Risk
5/25/2011
03:44 PM
50%
50%

GlobalSign Markets Encryption Service To Healthcare

Healthcare organizations spend too much time on compliance, not enough on data security, according to a GlobalSign survey.

Health IT Boosts Patient Care, Safety
(click image for larger view)
Slideshow: Health IT Boosts Patient Care, Safety
Sensing that healthcare organizations are spending too much time on regulatory compliance and not enough time addressing actual security threats, digital certificate authority GlobalSign on Thursday will begin marketing its Biowrap file encryption service to the healthcare and pharmaceutical industries.

The decision comes as the company, a subsidiary of Japan-based GMO Internet Group, released data highlighting an inconsistency in healthcare. According to GlobalSign's survey of 107 healthcare executives, IT administrators, and managers, 56% said that they devote at least a quarter of their work week to compliance with HIPAA and other state and federal regulations. But 33% said it's likely that a breach of healthcare data costing $100,000 or more occurs at least once a week and 34% reported that their own organization had had patient records breached in the last two years.

"They’re obsessed with compliance," Lila Kee, GlobalSign chief product officer and board member, said in an interview. "However, they're not doing a lot in terms of improvements in their workflow and their security systems."

GlobalSign's survey also revealed that 54% of respondents dedicate most of their compliance effort to HIPAA and 37% spend less than a quarter of their time on improving security and protecting patient privacy.

HIPAA privacy rules, which apply to any data breach, electronic or otherwise, have been in effect since 2002 and stem from a 15-year-old law. Yet, Kee said, breaches today tend to be of the electronic variety. She noted that the Health Information Technology for Economic and Clinical Health (HITECH) Act--the health IT section of the 2009 American Recovery and Reinvestment Act--"brings more clarity to the electronic side," but many healthcare organizations haven't brought their security practices up to date.

"The reality is, I think there are a lot of people with their heads in the sand," Kee said. "They're familiar with what they need to do to comply with, but they may not be doing enough to prevent a data breach."

GlobalSign thus sees healthcare as a market ripe for Biowrap, an identity-based service that allows the sender to choose which pieces of information to encrypt, as long as the user's authentication checks out. According to Kee, Biowrap frees recipients from having to obtain public key infrastructure certificates. "It's very cumbersome, it requires a lot of pre-arrangements, and it isn't very scaleable," Kee said of PKI technology.

The year-old GlobalSign product also helps automate compliance efforts by keeping a log of data access and transfers. "It provides assurances auditors are looking for," Kee said.

Kee said GlobalSign decided to market to the healthcare industry after fielding numerous inquiries about whether Biowrap might be able to help with HIPAA and HITECH compliance. "We weren't that versed in those regulations," Kee admitted. Now, she said the company is confident enough in Biowrap to sell the product directly to the healthcare industry.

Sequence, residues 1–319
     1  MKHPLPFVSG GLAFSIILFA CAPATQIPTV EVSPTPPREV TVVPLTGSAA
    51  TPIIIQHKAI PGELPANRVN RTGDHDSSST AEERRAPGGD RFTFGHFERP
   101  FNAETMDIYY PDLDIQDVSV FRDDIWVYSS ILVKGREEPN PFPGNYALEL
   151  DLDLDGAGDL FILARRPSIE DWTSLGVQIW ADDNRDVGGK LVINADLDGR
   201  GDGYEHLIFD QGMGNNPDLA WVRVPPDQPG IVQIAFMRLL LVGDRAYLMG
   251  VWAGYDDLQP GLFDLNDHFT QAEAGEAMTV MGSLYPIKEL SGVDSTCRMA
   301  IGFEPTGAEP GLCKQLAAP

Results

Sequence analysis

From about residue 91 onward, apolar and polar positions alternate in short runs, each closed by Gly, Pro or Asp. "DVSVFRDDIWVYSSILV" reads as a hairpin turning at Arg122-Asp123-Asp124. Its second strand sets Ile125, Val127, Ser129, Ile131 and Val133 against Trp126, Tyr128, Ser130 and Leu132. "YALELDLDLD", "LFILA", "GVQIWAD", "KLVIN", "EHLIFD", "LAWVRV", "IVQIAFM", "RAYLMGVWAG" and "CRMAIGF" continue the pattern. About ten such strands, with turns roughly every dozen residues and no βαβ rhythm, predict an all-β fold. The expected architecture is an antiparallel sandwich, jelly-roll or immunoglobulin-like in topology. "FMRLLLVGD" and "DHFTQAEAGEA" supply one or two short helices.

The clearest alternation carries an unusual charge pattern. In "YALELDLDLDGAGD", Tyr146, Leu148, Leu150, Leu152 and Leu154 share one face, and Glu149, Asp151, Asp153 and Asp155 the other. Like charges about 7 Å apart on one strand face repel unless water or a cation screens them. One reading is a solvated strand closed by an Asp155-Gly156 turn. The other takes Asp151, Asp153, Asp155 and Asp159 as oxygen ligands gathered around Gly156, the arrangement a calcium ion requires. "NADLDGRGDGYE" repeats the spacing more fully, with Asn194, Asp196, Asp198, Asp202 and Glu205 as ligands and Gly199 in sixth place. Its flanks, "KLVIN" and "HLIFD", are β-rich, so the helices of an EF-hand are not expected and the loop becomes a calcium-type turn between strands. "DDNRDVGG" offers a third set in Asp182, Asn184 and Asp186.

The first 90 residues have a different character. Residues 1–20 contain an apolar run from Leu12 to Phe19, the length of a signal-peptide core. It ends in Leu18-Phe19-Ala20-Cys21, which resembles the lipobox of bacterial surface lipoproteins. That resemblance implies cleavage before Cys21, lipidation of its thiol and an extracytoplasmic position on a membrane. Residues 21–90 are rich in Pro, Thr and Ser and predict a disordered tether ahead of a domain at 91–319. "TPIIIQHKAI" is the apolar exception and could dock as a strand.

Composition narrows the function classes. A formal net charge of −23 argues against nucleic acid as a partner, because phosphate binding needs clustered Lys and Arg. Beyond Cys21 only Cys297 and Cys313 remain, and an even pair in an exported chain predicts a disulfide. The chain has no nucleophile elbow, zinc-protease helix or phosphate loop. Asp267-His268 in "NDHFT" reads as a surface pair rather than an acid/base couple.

In the new, all-digital InformationWeek supplement: Our 2011 Strategic Security Survey confronts the five biggest problems faced by midsize companies. Download it now. (Free registration required.)

Comment  | 
Print  | 
More Insights
Register for Dark Reading Newsletters
White Papers
Cartoon
Current Issue
Dark Reading Tech Digest, Dec. 19, 2014
Software-defined networking can be a net plus for security. The key: Work with the network team to implement gradually, test as you go, and take the opportunity to overhaul your security strategy.
Flash Poll
Video
Slideshows
Twitter Feed
Dark Reading - Bug Report
Bug Report
Enterprise Vulnerabilities
From DHS/US-CERT's National Vulnerability Database
CVE-2014-2208
Published: 2014-12-28
CRLF injection vulnerability in the LightProcess protocol implementation in hphp/util/light-process.cpp in Facebook HipHop Virtual Machine (HHVM) before 2.4.2 allows remote attackers to execute arbitrary commands by entering a \n (newline) character before the end of a string.

CVE-2014-2209
Published: 2014-12-28
Facebook HipHop Virtual Machine (HHVM) before 3.1.0 does not drop supplemental group memberships within hphp/util/capability.cpp and hphp/util/light-process.cpp, which allows remote attackers to bypass intended access restrictions by leveraging group permissions for a file or directory.

CVE-2014-5386
Published: 2014-12-28
The mcrypt_create_iv function in hphp/runtime/ext/mcrypt/ext_mcrypt.cpp in Facebook HipHop Virtual Machine (HHVM) before 3.3.0 does not seed the random number generator, which makes it easier for remote attackers to defeat cryptographic protection mechanisms by leveraging the use of a single initial...

CVE-2014-6228
Published: 2014-12-28
Integer overflow in the string_chunk_split function in hphp/runtime/base/zend-string.cpp in Facebook HipHop Virtual Machine (HHVM) before 3.3.0 allows remote attackers to cause a denial of service (application crash) or possibly have unspecified other impact via crafted arguments to the chunk_split ...

CVE-2014-6229
Published: 2014-12-28
The HashContext class in hphp/runtime/ext/ext_hash.cpp in Facebook HipHop Virtual Machine (HHVM) before 3.3.0 incorrectly expects that a certain key string uses '\0' for termination, which allows remote attackers to obtain sensitive information by leveraging read access beyond the end of the string,...

Best of the Web
Dark Reading Radio
Archived Dark Reading Radio
Join us Wednesday, Dec. 17 at 1 p.m. Eastern Time to hear what employers are really looking for in a chief information security officer -- it may not be what you think.